We provide professional opinion and info. I have yet to have someone put their challenge in writing. They are essentially barking dogs.

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  24. #24
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    Default Re: "It's easier to get forgiveness than permission."

    So. I'm back at this property again this morning, standing there with my client and and the developer and his broker:

    Developer: "That's Just Not Realistic (TM)." "Nobody would actually point it at the shower bench for half an hour..."

    Client: "I can tell you right now, my husband's tush is going to be on that bench for half hour every morning, I know him....."

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    Default Re: "It's easier to get forgiveness than permission."

    Michael,

    But ... what about the balcony?

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  26. #26
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    Default Re: "It's easier to get forgiveness than permission."

    That was happening master baths in both units, BWT.

    Oh, and Kurt Mittenbuler was there as well... getting told by the developer that he (the developer) would bet $50,000 that this tile guy had run the liner up over the bench. Those of you who know Kurt are invited to imagine how THAT played out..

    ------------

    Jerry,

    As for the balconies, no - I did NOT try to use them as a spring board!

    Did get up close and personal from a ladder, though... that's a ledger running from left to right in the first picture:

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  27. #27
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    Default Re: "It's easier to get forgiveness than permission."

    All those pictures of nail heads are nice. Nice clean nail heads...and...

    I'm not an engineer and don't have to be (I've tried something similar to this kind of construction) and it failed...or was too subject to failing so I tore it down and started over. Those folks that built the balcony best put a post under that sucker or take a strong framing member and lever some strength under the floor.

    If I were you I would stand a 2 x 4 up beside the porch (set the 2 x 4 on something like a brick so you can place it back to the same place later), get a ladder and mark the level of the bottom of the balcony.

    Then put 3 or 4 folks on the outside edge of that balcony, stand your 2 x 4 back up and look at the mark on your 2 x 4. If you can't see the mark...the floor is failing/falling. I'd measure how much the floor dropped with the folks standing on it and make notes of the movement. (while your at it...don't go get skinny folks...best get you a few football players)...cause the parties are going to include those big guys too...




  28. #28
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    Default Re: "It's easier to get forgiveness than permission."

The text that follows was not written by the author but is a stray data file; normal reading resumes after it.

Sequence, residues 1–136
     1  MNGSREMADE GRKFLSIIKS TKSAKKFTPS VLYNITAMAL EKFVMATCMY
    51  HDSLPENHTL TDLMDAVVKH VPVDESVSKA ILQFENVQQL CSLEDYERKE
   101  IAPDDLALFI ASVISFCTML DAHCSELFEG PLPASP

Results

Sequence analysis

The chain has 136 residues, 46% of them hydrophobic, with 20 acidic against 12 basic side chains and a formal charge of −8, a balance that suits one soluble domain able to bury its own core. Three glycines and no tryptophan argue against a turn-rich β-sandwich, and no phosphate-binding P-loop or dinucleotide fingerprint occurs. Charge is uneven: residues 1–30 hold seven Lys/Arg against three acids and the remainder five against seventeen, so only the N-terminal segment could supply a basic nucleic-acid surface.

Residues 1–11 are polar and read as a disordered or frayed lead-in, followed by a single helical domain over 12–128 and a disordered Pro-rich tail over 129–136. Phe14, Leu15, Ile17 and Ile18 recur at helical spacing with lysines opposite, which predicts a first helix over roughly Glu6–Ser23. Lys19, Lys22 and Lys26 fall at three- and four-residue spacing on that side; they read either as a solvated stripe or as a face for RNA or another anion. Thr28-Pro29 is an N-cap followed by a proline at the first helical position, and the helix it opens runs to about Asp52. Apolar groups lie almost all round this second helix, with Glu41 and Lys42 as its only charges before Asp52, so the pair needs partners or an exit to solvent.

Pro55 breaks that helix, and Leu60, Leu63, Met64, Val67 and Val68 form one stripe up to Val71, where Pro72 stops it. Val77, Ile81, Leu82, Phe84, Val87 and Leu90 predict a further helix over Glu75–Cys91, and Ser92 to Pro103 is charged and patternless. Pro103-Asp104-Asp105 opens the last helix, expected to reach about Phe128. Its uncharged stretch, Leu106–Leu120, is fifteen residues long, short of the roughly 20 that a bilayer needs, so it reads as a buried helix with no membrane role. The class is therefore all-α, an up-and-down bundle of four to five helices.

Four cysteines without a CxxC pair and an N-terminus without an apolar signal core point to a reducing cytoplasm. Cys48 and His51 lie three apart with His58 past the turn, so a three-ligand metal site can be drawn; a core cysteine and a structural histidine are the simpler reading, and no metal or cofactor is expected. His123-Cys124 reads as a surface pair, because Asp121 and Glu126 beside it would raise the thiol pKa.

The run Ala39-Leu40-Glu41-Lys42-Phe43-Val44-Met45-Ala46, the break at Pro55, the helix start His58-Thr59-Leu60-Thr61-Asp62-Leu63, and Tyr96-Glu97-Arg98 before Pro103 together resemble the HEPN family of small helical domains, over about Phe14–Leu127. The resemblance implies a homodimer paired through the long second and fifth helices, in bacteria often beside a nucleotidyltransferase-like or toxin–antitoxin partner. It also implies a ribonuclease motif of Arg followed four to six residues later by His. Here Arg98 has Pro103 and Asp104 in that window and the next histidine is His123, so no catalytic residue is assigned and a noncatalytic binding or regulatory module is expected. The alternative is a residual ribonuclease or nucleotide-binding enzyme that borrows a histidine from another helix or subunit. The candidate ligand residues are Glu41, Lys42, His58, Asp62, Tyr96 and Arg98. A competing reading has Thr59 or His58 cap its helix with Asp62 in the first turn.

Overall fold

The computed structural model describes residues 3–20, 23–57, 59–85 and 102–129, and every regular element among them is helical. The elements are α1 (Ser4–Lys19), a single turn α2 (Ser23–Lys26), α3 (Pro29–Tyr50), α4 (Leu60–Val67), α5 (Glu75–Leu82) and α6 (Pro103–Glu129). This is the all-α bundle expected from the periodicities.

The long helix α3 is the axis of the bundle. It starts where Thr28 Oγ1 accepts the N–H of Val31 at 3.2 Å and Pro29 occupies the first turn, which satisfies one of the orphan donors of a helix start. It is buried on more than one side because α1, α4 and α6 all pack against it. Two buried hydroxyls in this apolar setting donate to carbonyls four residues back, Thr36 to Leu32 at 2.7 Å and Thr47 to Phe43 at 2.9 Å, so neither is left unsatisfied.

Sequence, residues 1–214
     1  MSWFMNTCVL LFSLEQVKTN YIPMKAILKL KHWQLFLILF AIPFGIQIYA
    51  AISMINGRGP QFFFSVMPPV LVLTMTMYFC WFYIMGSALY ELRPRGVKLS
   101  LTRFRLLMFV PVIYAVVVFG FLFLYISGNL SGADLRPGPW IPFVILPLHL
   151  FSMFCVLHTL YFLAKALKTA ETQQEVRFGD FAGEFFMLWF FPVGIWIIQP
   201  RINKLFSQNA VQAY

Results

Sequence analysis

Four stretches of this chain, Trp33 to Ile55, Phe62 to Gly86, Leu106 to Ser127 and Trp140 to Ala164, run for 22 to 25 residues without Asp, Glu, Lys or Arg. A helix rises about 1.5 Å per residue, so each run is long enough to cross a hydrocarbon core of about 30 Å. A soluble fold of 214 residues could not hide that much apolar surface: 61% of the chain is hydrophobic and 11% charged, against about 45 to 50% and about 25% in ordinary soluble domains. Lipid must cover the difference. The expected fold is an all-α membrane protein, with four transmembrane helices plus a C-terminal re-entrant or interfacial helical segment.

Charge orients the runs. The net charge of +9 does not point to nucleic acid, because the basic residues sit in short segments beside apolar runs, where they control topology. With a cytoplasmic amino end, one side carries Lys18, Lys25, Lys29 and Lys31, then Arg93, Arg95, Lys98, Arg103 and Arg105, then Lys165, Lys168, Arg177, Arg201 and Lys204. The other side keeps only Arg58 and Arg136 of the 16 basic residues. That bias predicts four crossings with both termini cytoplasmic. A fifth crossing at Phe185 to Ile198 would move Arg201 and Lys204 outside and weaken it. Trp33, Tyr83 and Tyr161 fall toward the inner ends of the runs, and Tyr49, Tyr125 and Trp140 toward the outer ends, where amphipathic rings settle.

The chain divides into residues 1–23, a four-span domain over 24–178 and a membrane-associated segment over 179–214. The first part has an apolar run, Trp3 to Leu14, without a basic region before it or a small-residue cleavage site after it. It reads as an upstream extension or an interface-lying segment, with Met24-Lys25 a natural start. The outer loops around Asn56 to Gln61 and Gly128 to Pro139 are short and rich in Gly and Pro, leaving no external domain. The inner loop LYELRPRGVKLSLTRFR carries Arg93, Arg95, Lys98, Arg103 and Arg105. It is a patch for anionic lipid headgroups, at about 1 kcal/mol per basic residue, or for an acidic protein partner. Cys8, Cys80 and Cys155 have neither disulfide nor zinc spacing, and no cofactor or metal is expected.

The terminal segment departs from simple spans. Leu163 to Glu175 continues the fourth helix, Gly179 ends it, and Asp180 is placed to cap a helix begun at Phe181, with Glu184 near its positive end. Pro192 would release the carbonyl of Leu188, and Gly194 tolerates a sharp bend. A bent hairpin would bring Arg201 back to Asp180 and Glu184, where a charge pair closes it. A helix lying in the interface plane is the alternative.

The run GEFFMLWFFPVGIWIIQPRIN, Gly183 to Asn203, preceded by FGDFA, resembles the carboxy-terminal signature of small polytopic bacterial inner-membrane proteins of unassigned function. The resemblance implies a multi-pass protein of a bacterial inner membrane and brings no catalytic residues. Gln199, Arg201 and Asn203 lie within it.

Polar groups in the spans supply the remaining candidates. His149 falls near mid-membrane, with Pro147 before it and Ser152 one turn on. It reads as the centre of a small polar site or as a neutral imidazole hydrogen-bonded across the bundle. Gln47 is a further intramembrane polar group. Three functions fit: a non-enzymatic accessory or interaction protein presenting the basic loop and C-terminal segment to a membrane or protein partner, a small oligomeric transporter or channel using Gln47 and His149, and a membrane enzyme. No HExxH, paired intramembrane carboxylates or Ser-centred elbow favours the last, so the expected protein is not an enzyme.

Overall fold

Michael,

    This - if they are cantilevered, them may be strong enough to support the balconies as the floor joists bear on them.

    If not cantilevered, I can't imagine those balconies staying there very long.

    1831balconyR.jpg

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  29. #29
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    Default Re: "It's easier to get forgiveness than permission."

    If I was the buyer someone would have to prove to me that the balcony is safe. If that could not be done to my satisfaction I would walk. Since none of the support system is visible you are at the mercy of the builder as to how it was installed.


  30. #30
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    Default Re: "It's easier to get forgiveness than permission."

    The last few posts raise critical points. Since it is new constr there should be stamped plans available to review. It's amazing the extent to which actual constr differs from stamped plans so often.
    I see the can with water running out of it, lovely. I don't understand the shower/sitting comment though. What am I missing?

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  31. #31
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    Default Re: "It's easier to get forgiveness than permission."

    Quote Originally Posted by Markus Keller View Post
    --I don't understand the shower/sitting comment though. What am I missing?
    .
    Was the shower pan liner properly installed for this application.

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  32. #32
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    Default Re: "It's easier to get forgiveness than permission."

    Quote Originally Posted by Billy Stephens View Post
    .
    Was the shower pan liner properly installed for this application.
    Billy,

    No.

    I can categorically state that as, if it had been installed correctly, ... it would not be leaking.

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  33. #33
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    Default Re: "It's easier to get forgiveness than permission."

    Markus,

    I always (if possible) direct the shower spray onto the junction of the seat with the shower wall they rarely run the liner up there. The result is often what you see in those pics - thought usually not as dramatic, and the point is that if I can make it rain downstairs that way with a steady, direct stream more "typical" use is likely introducing water as well - less water - but still enough to turn that end of the tub into mold laced oatmeal down the road..

    The developer was was telling the client that as the shower was "built to code" it was not his responsibility to build it any better - for example, well enough to not leak when tested according to my technique, and that he would not fix it as my test was unrealistic - no one would ever run the shower directly on the wall at the other end of the shower for any length of time.

    The client was pointing out that not only was his position patently absurd in theory, but that it was flat wrong in fact as well: that sitting there with the water running on him was *exactly* what her husband loved to do.

    ------------

    Typical of where were are at with this guy: